Victor Ekpuk resident at the Thami Mnyele Foundation

February 2008 -

Artist Victor Ekpuk (Nigeria, 1964) wonders: Why, if Santa Claus can carry his presents by himself, does St Nicholas need his black Peters? Doesn't that smell like 'grateful slaves'? Slavery and colonialism have 'marinated' for a long time in Ekpuk's head. But it is only recently that he is making artistic statements about it.


dis Amsterdam life © Victor Ekpuk

Slave Narratives is a new series of large format drawings which he created while in residency at the Thami Mnyele Foundation in Amsterdam. Abstracted forms of ships dominate the visual surface. One ship is populated by an endless amount of abstracted human bodies. In another drawing these bodies are floating or sinking into the surrounding sea. Many of his drawings, like these, can be read in two layers: a dominant image in pastel or water colour with a labyrinth of miniature pencil drawings on top. This is Ekpuk's handwriting, derived from nsibidi – an ancient writing from southeast Nigeria, or hieroglyphs and contemporary local signs, like an umbrella or a car, in dis Amsterdam life. These are surprising picture puzzles in which one can lose one's gaze; a contemporary horror vacui.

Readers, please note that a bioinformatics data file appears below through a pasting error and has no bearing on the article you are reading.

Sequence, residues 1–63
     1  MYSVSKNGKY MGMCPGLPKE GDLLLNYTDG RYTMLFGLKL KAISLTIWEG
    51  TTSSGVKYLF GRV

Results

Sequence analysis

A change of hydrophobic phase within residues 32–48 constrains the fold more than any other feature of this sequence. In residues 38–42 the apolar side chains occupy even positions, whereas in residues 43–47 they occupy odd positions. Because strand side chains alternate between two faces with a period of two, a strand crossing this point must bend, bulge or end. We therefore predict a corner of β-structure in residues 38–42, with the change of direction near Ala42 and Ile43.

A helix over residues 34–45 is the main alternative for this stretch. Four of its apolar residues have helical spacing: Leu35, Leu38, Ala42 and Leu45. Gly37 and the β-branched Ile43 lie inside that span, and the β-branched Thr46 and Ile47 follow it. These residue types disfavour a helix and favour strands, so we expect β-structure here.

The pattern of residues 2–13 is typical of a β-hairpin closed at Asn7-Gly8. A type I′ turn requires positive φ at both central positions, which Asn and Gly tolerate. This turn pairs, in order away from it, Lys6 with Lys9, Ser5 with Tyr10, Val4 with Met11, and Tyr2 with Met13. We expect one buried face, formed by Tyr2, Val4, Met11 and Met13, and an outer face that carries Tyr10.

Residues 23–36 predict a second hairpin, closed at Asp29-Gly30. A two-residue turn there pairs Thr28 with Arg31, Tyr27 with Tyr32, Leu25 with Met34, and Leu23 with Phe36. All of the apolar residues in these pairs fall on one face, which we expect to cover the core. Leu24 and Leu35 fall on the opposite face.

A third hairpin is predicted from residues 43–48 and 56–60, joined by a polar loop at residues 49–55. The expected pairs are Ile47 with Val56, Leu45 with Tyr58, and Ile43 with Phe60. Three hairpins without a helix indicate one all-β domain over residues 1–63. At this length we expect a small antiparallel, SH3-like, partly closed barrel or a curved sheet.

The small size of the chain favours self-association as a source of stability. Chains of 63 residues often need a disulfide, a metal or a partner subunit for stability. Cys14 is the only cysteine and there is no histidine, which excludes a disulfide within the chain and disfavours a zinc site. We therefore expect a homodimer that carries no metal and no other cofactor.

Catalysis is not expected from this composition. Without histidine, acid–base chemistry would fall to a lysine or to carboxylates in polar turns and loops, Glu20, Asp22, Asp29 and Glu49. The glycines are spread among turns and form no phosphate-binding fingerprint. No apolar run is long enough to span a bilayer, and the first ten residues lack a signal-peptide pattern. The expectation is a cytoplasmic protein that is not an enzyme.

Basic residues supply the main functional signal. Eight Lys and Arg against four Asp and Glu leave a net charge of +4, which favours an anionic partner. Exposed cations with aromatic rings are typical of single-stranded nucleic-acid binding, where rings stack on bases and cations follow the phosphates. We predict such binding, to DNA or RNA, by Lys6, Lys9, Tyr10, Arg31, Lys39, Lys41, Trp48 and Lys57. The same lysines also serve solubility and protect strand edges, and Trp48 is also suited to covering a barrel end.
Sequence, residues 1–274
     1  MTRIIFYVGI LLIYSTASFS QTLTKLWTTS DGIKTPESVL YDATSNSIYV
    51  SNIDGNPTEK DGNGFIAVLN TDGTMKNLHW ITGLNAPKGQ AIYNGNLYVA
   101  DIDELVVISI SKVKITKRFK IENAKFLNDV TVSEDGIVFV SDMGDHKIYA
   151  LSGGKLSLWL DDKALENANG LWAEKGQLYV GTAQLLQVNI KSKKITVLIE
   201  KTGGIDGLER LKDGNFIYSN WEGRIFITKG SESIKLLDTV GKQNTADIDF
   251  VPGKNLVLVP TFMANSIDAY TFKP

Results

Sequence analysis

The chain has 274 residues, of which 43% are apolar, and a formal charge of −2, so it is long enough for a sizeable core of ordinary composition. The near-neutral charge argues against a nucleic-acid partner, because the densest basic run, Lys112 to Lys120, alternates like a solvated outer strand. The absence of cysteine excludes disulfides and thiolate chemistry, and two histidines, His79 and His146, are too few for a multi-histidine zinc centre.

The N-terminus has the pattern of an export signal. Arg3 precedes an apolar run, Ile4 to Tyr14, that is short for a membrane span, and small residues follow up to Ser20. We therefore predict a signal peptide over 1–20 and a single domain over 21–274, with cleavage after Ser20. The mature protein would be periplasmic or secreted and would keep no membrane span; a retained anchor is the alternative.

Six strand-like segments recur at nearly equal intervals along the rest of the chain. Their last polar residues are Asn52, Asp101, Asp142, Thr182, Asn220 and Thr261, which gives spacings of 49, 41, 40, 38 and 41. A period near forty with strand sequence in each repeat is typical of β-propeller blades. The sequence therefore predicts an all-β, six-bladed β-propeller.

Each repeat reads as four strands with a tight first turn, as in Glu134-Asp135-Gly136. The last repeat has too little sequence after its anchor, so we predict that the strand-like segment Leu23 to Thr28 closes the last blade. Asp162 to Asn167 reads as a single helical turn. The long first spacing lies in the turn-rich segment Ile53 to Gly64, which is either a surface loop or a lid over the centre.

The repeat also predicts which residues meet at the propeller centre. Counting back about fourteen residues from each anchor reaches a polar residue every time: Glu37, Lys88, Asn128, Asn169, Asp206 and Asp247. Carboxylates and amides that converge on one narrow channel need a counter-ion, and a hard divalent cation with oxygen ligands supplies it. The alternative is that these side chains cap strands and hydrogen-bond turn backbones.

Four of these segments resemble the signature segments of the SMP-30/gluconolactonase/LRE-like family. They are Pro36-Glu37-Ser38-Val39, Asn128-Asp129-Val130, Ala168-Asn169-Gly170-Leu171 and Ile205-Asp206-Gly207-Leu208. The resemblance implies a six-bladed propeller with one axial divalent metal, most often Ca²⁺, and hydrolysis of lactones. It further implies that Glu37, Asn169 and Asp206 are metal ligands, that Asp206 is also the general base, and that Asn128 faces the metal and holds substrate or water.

The 'snapshots' of Ekpuk's experiences on the street of Amsterdam also speak for themselves. In the minimal line drawing Kiss And Tell two women kiss each other, an amusing experience and a mild culture shock in one. Social commentary aside, Ekpuk indulges in exhortation of beauty, for instance female beauty. Uyai Ban 2 (Beautiful Woman 2) is a little female figure that features somewhere else as a miniature, but now blown up: her elegant hairdo and seductive eyelashes balance on top of a rarefied body, though supported by a firm foot.

What are his plans now that his working period in Amsterdam is coming to an end? First a month in Nigeria, he says, where he will give a lecture at the recently opened Centre for Contemporary Art in the capital Lagos. And than back to The Netherlands, where he has been living and working since three years, alternated with an upcoming exhibition in the Wertz Contemporary gallery in Atlanta in the United States.